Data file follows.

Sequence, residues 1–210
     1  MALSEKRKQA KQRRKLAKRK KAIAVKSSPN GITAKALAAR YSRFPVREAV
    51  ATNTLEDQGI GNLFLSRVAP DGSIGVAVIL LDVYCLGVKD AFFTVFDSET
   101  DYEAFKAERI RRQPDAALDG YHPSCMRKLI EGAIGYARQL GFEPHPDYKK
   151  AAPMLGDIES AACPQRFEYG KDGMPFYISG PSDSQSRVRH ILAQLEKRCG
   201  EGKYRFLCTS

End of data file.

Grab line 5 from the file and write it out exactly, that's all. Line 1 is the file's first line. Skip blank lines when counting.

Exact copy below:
   151  AAPMLGDIES AACPQRFEYG KDGMPFYISG PSDSQSRVRH ILAQLEKRCG